Are Influencers Seriously Overpaid?

This week we have had two stories that tell us very different stories. According to one piece of research, the cost of the average influencer post shared on Instagram has gone up by a factor of twelve in the past five years, from GBP104 to GBP1,276.

There are a bunch of statistics to go along with the report -- but effectively, text, picture and video posts and updates have shot up by similar proportions across different platforms over the past five years.

Then we have some challenging research from Mindshare. It has been looking at public attitudes around trust. It's the buzzword in advertising and marketing right now. The theory being we buy from people and brands we trust and we take advice from people whose values we agree with and whom we know will give good advice. 

The difficulty here is that as the average cost of influencer posts has shot up twelve times over the past five years, influencers find themselves at the bottom of the table of trust Mindshare has constructed.

It will come as little surprise to most that consumers are human beings who have close relationships with other people and that means, no matter what a celebrity tells us we should be wearing on Instagram, family is our most trusted source of advice. Next we have "people like me" and then we have friends.

These three categories are way out ahead of the rest of the pack on trust.

At the bottom we have influencers who are the least trusted sources of information, alongside politicians and social media platforms. Perhaps worryingly for the industry, advertising is the next category up from the bottom. In fact, it's a surprise to see that the treasured BBC is roughly as trusted as it is not trusted, and so sits in the middle of the league table just above Google and Amazon.

The takeaway is simple. We can extol the virtues of digital channels, but the most influential advice any consumer gets is what friend and family think, as well as those people they consider to be like themselves. Experts are also looked upon favourably.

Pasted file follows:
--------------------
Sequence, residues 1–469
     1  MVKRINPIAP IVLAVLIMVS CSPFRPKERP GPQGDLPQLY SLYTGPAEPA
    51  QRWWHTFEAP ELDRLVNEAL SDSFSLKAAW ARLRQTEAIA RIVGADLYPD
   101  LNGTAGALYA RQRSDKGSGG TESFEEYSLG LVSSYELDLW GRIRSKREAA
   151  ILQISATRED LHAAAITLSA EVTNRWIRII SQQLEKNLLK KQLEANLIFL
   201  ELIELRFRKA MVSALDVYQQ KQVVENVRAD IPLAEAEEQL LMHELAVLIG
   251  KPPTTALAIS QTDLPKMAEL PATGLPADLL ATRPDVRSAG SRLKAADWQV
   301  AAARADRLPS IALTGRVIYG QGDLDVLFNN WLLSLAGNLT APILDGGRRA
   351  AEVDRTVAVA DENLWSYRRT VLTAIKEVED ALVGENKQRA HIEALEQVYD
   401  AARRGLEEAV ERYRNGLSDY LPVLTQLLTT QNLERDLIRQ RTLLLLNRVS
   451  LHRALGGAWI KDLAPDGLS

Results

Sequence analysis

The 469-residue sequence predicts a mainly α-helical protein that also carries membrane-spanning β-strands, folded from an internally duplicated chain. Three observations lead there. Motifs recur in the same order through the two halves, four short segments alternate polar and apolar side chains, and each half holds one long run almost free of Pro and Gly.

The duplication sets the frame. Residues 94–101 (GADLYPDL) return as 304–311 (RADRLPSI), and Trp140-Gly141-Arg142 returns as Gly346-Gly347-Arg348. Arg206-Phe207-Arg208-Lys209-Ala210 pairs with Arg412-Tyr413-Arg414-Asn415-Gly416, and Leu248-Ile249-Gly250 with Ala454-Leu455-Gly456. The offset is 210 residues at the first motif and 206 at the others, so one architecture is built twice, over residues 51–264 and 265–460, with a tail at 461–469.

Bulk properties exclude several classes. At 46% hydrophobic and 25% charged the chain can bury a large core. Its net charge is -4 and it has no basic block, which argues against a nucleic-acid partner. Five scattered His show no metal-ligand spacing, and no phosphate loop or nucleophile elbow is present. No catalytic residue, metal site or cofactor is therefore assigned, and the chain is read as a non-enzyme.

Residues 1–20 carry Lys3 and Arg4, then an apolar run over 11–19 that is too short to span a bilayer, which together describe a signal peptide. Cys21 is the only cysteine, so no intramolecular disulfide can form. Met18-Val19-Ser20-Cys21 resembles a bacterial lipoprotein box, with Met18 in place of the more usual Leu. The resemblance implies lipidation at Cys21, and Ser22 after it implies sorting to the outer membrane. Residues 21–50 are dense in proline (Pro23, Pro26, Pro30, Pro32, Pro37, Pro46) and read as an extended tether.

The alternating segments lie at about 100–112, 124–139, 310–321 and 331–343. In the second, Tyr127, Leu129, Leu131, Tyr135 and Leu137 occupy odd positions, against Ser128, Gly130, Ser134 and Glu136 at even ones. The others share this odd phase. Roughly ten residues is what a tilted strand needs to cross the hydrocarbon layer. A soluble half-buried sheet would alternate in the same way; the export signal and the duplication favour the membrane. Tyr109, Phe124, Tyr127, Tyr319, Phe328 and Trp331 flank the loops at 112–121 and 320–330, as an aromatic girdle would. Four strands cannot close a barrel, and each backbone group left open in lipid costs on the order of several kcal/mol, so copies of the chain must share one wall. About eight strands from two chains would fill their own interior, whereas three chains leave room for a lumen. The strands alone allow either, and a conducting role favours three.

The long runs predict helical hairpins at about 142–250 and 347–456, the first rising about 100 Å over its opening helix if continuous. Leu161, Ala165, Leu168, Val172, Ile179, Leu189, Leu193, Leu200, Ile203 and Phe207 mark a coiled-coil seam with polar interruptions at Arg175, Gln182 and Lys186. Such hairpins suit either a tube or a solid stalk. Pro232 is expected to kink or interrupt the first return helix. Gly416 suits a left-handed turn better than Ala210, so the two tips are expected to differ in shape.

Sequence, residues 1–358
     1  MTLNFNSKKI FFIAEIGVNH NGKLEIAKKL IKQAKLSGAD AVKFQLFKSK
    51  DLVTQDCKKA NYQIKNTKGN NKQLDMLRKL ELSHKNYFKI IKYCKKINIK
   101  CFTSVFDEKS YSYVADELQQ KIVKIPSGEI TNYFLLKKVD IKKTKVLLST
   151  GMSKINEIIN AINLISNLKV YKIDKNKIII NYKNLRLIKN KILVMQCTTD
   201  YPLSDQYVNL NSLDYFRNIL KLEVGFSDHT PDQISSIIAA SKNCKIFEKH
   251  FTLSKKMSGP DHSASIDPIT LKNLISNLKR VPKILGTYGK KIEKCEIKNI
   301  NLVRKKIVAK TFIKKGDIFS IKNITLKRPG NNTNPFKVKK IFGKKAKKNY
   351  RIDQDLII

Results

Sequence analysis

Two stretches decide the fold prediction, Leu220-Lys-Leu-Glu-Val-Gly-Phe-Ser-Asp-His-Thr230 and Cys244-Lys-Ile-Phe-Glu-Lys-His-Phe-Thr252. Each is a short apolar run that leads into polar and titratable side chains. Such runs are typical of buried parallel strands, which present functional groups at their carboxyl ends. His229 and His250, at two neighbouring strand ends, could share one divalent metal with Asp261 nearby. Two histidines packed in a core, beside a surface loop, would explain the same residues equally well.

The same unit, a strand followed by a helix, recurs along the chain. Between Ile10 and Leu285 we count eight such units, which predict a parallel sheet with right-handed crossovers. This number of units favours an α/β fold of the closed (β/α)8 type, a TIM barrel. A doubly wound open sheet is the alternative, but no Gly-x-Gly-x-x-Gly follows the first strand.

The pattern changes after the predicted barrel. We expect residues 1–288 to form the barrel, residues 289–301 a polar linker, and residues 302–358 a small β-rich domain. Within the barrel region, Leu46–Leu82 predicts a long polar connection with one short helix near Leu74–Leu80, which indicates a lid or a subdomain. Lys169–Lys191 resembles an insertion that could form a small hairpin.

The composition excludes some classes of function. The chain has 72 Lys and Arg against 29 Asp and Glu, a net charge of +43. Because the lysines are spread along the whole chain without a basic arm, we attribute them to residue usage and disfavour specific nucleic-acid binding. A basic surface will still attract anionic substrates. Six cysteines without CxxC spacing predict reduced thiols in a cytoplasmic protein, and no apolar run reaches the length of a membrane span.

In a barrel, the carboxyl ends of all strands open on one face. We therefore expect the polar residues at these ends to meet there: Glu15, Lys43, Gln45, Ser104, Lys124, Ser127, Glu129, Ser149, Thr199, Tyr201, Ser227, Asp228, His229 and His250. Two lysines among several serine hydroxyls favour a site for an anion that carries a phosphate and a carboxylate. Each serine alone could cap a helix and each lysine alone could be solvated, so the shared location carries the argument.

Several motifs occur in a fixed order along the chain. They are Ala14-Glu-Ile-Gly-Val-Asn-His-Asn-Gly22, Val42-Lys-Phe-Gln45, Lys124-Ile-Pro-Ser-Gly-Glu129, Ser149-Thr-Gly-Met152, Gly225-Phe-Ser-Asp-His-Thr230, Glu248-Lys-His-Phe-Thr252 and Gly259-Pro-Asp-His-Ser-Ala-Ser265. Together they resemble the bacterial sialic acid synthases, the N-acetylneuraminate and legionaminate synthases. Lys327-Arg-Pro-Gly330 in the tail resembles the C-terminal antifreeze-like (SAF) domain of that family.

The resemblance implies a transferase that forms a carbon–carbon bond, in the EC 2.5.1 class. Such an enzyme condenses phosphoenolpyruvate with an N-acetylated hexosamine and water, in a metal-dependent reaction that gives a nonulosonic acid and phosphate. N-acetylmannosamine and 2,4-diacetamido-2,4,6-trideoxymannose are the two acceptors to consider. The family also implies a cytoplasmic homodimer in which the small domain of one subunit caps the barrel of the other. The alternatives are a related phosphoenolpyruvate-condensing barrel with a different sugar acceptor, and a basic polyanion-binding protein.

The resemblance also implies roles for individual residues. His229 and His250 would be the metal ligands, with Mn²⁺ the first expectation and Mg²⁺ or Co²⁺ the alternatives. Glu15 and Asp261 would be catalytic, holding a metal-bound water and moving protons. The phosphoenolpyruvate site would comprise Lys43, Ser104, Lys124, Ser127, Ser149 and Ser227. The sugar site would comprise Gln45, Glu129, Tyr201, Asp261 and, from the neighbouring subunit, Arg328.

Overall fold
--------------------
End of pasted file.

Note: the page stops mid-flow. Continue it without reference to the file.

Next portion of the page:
So that means it's great news for review sites. Clearly, marketers can do what they can to influence people who will then hopefully influence their friends and family but where huge efforts can be made is in providing a great customer experience which the public is asked to rate.

It is worth noting that "people like me" was second only to family members, and rated above friends, and so the public are highly open to read about the experiences of fellow consumers.

It chimes perfectly with how we all shop online. Picking out items on Amazon or looking for a local plumber, we instantly gravitate toward star ratings and read about fellow customer reviews. 

This is not to say that influencers don't have a role. People who know what is fashionable to wear, how to be great at yoga, take superb photographs and drink in the best bars are obviously worth working with, if you are in an apt industry.

What is likely, however, is that the huge growth of money coming into the channel has led to inflation as influencers can demand higher fees, which perhaps do not always match the level of trust the public places in what they have to say.

I wasn't surprised to see family and friends being trusted above influencers, but I have to be honest, seeing social media stars at the bottom of the league table --even below politicians -- was quite a shock.

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